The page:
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May|June 2005
Oh, God By Scott Shapiro and Alison Mackeen
A Vast Right-Wing Conspiracy By Jonathan H. Adler
License to Wardrive By Brendan I. Koerner

A Vast Right-Wing Conspiracy

It's neither vast nor a conspiracy. Discuss.

By Jonathan H. Adler

THE INSTITUTE FOR JUSTICE HAS COME A LONG WAY in 14 years. Founded in 1991 with three attorneys and a modest budget, the libertarian law firm has become a force to reckon with in the public interest legal world. Its first big win came with its successful defense of public school vouchers before the United States Supreme Court in 2002. This year, Institute for Justice, or I.J., attorneys have argued two cases before the high court. In Kelo v. New London, the firm challenged the local use of eminent domain for economic development. In Swedenburg v. Kelly, it fought state laws that limit out-of-state wine sales. I.J. also filed "friend of the court" briefs in other cases.

I.J. is but one soldier in a growing army of right-leaning public interest legal foundations that have come to the fore of legal advocacy in recent years. Beginning in the 1970s, libertarians and religious conservatives began to create public interest legal groups that were modeled on successful liberal and progressive foundations like the American Civil Liberties Union and the NAACP Legal Defense and Educational Fund Inc. What began with a few small groups has become an active and effective legal force—one that is increasingly earning notice, shaping law, and drawing criticism from opponents.

Bringing Justice to the People: The Story of the Freedom-Based Public Interest Law Movement, a recent book published by the conservative Heritage Foundation, chronicles the growth of groups like the Institute for Justice through profiles of groups and essays about issues written by leaders in the movement. As such, it offers a valuable inside view to the lawyers and the lawsuits that increasingly influence the nation's public law. Important as the topic is, the collection contains the sort of puffery you might expect from essays written by the individuals who are this book's subjects. Its deeper flaw is that it papers over real divisions among conservative and libertarian groups. There is no right-wing legal monolith, no cohesive, unified "freedom-based public interest law movement," as the book's title suggests. The groups collected under this moniker lack a single, overarching agenda. For every I.J. advancing libertarian notions about government power, there is a more traditional conservative group seeking to protect Judeo-Christian moral values and preserve or expand religion's place in the public square. Although such groups may see a common enemy in the liberal elites that they believe still dominate the nation's legal culture, the organizations have different goals, different funding sources, and different constituencies—and sometimes they even go toe-to-toe against one another.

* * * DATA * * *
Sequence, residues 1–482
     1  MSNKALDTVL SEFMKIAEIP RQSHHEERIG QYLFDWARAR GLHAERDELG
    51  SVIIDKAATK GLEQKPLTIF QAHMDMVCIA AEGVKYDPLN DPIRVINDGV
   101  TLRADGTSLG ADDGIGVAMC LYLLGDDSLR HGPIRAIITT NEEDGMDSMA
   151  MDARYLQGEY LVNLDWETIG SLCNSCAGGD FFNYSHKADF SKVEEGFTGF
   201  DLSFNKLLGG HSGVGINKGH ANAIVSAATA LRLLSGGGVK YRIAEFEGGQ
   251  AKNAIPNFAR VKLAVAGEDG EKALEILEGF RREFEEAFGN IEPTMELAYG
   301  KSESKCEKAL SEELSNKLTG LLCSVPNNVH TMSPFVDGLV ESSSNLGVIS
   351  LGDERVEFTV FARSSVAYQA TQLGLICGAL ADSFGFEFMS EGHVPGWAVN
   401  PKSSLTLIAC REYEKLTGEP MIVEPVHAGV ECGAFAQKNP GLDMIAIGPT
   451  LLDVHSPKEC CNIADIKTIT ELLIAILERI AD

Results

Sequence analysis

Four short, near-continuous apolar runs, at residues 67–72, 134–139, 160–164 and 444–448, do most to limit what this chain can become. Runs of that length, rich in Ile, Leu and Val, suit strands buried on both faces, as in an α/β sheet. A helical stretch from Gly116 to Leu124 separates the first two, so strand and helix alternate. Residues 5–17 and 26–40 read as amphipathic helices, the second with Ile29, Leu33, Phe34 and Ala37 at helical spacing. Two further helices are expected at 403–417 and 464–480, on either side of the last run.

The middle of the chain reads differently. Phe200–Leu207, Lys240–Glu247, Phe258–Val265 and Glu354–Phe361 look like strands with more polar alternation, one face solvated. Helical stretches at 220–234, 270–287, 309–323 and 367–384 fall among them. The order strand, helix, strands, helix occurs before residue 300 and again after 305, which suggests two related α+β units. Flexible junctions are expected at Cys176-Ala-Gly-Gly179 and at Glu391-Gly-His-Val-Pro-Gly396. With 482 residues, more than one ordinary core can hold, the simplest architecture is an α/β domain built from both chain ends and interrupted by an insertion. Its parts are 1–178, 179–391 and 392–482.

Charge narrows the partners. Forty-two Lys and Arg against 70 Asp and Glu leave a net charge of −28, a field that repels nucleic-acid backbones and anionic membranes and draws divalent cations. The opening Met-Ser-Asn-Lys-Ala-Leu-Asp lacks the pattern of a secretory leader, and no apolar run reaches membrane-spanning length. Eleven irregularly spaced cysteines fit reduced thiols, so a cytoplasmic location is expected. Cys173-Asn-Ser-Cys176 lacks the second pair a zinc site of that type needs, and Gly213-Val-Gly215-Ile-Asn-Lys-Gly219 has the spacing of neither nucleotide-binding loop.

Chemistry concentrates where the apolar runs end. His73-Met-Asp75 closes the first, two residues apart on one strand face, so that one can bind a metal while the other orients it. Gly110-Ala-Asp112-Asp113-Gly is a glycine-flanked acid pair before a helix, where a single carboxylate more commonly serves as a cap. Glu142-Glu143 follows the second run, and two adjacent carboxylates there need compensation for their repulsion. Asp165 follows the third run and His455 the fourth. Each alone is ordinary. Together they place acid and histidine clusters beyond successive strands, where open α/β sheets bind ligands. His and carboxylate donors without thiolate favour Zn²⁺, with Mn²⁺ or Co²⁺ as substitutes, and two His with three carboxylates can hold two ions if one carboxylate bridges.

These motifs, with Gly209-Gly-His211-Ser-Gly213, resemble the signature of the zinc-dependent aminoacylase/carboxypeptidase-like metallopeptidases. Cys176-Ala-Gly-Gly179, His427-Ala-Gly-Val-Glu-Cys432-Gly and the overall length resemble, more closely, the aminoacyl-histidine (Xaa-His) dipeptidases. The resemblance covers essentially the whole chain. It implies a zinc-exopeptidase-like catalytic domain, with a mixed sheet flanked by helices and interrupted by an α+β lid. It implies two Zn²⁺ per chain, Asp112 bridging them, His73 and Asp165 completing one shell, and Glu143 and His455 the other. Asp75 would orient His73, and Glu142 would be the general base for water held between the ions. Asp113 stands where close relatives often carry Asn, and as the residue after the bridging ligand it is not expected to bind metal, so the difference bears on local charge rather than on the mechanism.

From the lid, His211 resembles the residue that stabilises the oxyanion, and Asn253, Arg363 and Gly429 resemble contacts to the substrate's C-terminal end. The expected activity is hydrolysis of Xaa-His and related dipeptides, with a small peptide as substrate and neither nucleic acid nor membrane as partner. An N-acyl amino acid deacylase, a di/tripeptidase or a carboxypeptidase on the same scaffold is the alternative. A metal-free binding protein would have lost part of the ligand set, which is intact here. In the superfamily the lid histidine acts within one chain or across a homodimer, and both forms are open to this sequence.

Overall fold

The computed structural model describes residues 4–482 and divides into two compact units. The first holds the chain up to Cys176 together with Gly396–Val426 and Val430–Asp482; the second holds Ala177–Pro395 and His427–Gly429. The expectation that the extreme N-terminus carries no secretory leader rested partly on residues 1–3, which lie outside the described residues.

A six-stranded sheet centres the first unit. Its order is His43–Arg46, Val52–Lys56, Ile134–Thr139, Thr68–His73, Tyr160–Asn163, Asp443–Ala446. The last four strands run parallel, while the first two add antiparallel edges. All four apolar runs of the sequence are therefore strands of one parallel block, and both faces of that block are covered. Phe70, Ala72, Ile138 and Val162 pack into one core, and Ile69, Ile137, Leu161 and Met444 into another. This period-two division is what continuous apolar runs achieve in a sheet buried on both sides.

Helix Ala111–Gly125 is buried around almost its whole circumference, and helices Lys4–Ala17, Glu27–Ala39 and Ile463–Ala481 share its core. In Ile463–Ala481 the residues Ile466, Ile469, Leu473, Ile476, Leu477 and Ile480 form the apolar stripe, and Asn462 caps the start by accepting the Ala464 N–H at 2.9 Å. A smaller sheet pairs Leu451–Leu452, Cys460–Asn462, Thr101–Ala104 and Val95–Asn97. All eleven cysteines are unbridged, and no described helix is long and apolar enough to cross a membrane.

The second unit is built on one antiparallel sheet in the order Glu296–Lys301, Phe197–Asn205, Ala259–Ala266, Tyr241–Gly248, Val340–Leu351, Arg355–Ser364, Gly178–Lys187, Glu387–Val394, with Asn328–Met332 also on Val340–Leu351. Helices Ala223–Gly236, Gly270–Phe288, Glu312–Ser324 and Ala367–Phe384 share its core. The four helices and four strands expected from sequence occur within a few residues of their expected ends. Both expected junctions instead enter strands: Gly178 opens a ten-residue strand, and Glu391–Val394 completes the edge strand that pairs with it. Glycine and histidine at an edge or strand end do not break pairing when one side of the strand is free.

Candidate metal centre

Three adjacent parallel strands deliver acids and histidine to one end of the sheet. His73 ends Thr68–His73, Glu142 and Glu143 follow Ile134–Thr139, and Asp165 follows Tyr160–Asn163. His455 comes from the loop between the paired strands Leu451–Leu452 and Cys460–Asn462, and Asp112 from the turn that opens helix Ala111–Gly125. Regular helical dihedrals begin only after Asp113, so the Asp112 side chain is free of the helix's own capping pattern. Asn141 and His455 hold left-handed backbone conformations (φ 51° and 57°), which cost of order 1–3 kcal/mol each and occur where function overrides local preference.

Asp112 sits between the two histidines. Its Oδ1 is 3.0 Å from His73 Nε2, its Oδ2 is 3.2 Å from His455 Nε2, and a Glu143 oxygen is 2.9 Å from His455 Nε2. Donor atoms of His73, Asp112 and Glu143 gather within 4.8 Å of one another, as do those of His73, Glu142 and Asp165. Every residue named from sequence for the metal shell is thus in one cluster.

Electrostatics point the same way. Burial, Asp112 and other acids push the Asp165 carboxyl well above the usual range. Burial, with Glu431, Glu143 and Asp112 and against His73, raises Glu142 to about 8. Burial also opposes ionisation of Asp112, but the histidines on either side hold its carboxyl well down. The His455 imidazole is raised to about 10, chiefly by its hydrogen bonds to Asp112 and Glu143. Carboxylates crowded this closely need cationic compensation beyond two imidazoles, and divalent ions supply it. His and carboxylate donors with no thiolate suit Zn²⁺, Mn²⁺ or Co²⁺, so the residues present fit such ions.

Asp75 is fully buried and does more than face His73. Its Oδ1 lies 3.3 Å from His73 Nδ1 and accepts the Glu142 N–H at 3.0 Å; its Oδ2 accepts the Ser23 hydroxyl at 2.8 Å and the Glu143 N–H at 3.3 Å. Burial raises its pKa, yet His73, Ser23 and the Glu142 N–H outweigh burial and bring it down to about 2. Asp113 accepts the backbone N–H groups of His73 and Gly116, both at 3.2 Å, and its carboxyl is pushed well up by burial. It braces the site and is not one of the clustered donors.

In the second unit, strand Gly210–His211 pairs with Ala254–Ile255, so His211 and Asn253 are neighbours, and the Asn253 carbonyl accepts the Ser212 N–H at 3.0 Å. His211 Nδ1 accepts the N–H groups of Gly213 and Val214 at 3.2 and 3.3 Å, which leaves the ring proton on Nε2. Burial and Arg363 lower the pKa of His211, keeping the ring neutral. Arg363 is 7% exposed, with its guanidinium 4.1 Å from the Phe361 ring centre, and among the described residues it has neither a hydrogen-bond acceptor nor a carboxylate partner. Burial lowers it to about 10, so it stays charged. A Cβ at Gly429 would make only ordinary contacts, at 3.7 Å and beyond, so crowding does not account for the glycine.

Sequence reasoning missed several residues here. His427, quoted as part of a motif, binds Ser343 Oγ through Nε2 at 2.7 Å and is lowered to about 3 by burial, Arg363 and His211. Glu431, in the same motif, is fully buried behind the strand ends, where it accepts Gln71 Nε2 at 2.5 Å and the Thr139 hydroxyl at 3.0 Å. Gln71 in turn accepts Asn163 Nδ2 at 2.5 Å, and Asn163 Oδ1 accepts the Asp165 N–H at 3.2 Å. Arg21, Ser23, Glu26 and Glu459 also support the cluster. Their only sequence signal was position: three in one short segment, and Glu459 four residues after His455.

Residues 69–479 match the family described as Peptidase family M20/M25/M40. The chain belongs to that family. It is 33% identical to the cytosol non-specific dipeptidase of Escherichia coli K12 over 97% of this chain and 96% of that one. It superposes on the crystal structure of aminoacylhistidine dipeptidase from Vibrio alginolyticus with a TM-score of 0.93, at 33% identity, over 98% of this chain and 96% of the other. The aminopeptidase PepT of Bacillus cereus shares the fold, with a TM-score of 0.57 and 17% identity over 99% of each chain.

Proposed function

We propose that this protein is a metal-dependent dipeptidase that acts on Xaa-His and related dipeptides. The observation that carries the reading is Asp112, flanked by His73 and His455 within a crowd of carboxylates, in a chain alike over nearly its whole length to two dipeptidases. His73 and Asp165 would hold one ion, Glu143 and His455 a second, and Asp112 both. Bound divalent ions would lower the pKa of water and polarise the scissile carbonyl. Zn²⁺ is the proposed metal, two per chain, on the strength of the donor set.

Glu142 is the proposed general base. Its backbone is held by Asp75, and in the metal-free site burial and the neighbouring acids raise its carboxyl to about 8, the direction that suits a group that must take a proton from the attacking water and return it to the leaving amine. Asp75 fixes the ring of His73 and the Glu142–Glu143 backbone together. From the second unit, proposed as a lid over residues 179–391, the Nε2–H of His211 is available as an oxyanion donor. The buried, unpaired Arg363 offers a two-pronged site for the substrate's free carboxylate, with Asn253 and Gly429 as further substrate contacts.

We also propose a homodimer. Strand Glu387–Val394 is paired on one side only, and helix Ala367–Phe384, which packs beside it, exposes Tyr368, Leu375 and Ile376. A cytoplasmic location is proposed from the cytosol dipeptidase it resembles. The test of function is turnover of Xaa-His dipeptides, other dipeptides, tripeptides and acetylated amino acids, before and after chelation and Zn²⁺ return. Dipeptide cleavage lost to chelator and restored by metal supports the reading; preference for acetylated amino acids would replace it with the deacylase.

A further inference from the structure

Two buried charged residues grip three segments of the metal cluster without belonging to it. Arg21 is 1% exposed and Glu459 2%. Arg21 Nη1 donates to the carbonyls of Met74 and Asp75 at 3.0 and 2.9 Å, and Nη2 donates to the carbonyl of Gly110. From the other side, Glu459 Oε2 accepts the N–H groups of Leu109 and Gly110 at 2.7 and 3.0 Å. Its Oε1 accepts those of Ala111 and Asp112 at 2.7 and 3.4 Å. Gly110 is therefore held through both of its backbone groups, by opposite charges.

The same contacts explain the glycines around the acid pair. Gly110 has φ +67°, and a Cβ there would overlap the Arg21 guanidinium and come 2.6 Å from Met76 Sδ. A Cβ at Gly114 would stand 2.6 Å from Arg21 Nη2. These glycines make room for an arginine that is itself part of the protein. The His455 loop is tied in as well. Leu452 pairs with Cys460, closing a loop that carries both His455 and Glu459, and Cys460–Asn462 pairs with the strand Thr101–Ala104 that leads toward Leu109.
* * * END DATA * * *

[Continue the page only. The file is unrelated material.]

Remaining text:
If current trends continue and Republicans are able to put a conservative imprint on the nation's courts, the divisions among the groups profiled in Bringing Justice to the People may well grow. Conservative and libertarian legal organizations were first launched in the 1970s and '80s to fight what they saw as the excesses of the liberal welfare state. At the time, most such groups sought to challenge "judicial activism," to beat back the sprawl of government and regulations, and to restore the "original intent" of the Constitution. Since then, they have scored important legal victories challenging local affirmative action programs, threats to conservative speech on college campuses, and government restrictions on land use.

Yet with government in Republican hands, it is not surprising that some of these groups are now willing to focus their efforts on working with the government rather than against it. For example, some right-leaning legal groups threw their hats in with the Bush Administration, defending a broad interpretation of federal power to detain enemy combatants and fight the war on terror. Others have focused on defending school choice programs or public displays of religious symbols on government property. These and other issues, like the meaning of federalism and the extent to which the Bill of Rights protects individual autonomy, could provoke significant clashes on the right in coming decades.

AS WITH SO MUCH ON THE CONTEMPORARY RIGHT, the origins of the conservative and libertarian public interest legal movements can be traced back to Ronald Reagan. In the early 1970s, several liberal public interest groups challenged then-California governor Reagan's policies that reformed the state's welfare system and limited its welfare rolls. Despite success in reducing fraud and shrinking state expenditures while increasing grants to California's remaining welfare recipients, the reforms had no "public interest" defenders in court. Several one-time Reagan staffers, including Ronald Zumbrun, took it upon themselves to fill this gap, launching the Pacific Legal Foundation in 1973 to mount from the right legal challenges to government regulations in the areas of business and land use. By 1978, 10 other libertarian-leaning litigation outfits were in business nationwide. Since that time, the Landmark Legal Foundation has fought for school choice and other market-based "empowerment" strategies as alternatives to affirmative action, and the Mountain States Legal Foundation has challenged environmental restrictions on both federal and private land.